JAMESTOWN – With the news that Jamestown Mayor Sam Teresi won’t seek reelection, the face of city politics is changing, but Jamestown City Democratic Committee Chairman Jim Walton told WNYNewsNow that Teresi’s legacy will be hard to match.
Teresi, who took office in 2000, is the longest sitting Mayor in the city’s history, tied with Samuel A. Carlson, a Republican who served from 1908 to 1928. The second longest tenured mayor is Steven B. Carlson, who served from 1976 to 1990. Progressive Samuel A. Stroth served from 1942 to 1952.
“Sam served us faithfully for 20 years, and before that as the Director of Development, so he’s probably got close to 40 tears in public service,” Walton said. “I think he wants to spend more time with his family and after 40 years, I think he just thinks its time to move on.”
Teresi’s legacy is one of stewardship and sheparding, Walton said.
“Sam has shepherded us through good times and bad times and these are not necessarily the best of times, but he has been a good steward of the people’s money and some of the things he has been dealing with budgetarily and staffing wise were not of his making. They were established 20 years ago,” he said.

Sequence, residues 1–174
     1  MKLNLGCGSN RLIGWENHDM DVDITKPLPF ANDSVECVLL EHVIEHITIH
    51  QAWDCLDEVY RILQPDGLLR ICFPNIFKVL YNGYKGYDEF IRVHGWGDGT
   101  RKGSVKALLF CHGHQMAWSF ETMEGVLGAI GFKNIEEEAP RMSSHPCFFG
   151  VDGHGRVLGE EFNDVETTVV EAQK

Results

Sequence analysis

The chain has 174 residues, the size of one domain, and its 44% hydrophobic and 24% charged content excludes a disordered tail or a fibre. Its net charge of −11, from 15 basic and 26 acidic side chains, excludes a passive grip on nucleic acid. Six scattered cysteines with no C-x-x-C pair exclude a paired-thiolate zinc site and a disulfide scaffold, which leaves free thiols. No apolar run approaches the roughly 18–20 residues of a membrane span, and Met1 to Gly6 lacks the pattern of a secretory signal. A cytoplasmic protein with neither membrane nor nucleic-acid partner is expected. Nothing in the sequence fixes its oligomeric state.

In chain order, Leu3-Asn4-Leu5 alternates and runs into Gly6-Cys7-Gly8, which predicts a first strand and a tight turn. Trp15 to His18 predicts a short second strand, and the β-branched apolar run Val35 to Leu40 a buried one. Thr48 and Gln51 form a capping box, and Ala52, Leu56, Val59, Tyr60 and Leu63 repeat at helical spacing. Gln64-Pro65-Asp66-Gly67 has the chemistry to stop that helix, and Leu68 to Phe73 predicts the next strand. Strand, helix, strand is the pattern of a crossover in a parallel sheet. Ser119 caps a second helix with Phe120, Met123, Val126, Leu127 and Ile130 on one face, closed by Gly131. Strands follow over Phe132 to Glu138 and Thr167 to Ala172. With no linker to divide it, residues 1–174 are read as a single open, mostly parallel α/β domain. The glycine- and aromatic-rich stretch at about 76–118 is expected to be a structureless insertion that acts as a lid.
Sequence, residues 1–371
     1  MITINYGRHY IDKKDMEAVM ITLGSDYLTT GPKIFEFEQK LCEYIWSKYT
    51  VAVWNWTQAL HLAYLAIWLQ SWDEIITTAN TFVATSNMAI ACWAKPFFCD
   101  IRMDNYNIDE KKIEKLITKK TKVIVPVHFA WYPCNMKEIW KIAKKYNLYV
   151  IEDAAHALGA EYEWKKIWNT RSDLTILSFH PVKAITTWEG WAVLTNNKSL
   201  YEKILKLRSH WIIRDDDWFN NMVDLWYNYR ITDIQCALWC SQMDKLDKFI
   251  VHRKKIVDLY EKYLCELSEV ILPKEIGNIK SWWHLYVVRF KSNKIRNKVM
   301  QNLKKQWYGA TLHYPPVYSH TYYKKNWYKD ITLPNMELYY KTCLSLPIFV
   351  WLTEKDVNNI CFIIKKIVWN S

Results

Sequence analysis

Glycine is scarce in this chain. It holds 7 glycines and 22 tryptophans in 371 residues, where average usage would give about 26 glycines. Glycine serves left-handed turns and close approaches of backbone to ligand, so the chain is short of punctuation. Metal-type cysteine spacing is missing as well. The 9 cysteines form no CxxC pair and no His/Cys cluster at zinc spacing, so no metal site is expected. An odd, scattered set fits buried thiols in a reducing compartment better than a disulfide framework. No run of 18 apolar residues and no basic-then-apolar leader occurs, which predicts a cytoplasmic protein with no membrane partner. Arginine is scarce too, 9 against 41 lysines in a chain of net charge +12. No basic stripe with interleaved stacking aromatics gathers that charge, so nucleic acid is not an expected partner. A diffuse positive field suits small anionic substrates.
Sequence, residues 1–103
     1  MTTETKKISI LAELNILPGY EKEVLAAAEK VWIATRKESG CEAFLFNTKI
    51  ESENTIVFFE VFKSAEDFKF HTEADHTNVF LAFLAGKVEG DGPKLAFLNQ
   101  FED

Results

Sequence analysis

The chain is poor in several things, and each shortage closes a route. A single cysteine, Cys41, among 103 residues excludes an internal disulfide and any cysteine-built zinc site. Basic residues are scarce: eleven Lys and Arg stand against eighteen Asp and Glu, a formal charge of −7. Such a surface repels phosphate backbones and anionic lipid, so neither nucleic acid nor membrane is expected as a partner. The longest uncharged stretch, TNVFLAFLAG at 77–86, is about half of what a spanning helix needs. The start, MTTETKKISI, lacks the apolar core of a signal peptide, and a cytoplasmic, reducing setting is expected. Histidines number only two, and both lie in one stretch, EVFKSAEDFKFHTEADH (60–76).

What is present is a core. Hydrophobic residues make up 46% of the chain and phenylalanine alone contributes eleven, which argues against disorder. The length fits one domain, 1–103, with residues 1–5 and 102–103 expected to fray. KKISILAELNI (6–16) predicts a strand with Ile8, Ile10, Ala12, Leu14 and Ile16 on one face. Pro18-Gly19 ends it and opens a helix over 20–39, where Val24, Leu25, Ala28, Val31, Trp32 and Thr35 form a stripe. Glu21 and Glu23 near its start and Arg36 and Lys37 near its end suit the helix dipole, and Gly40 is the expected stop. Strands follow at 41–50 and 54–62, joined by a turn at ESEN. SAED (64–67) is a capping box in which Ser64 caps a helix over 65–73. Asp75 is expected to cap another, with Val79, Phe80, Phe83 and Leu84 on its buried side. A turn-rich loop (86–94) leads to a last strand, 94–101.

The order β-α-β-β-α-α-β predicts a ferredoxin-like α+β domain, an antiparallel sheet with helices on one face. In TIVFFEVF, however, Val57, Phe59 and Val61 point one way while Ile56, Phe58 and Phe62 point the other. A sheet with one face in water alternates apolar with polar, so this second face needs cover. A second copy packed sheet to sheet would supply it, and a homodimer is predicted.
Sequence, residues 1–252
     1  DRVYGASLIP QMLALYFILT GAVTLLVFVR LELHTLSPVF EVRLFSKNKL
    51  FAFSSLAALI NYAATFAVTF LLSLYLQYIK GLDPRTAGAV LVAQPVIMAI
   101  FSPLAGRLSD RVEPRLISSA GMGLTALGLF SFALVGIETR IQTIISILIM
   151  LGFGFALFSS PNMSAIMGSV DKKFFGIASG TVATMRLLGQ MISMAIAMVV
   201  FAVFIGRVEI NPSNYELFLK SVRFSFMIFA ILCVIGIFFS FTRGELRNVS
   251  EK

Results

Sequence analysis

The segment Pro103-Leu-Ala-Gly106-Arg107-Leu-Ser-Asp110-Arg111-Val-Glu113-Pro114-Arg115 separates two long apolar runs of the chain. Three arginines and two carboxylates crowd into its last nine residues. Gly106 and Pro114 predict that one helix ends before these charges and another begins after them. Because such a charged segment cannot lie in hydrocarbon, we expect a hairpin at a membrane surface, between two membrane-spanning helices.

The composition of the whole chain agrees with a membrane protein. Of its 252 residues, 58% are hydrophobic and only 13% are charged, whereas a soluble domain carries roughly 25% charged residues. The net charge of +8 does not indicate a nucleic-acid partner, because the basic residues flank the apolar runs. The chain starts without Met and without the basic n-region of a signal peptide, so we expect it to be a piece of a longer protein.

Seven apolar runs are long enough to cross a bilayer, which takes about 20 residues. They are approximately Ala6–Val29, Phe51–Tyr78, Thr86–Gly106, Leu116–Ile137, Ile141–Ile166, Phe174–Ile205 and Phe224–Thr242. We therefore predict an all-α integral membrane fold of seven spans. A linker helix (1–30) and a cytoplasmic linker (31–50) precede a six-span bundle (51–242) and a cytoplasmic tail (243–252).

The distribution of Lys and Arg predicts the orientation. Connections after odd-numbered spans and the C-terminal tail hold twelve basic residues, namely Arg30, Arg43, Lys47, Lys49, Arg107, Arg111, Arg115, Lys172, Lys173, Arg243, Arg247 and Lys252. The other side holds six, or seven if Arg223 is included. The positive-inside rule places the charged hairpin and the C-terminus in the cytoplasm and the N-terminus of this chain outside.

There has been speculation Teresi might be interested in higher office, like Mayor Stan Lundine before him, who served in Congress and as Lt. Governor.
But Walton said it is unlikely.
“I had lunch with the Mayor on Tuesday and I think he’s ready to slow down and see what’s next. As far as another campaign, I would be surprised if he was part of another campaign,” Walton said.
Asked what Teresi’s greatest accomplishment as Mayor has been, Walton gave an answer some might not initially expect.
“My guess is that Sam’s greatest accomplishment is endurance, it’s 20 years of being there. I try not to focus on what didn’t get done and try to focus on what did get done. I think we’re, through the help of the city and the foundations, we’re looking pretty good downtown,” he said.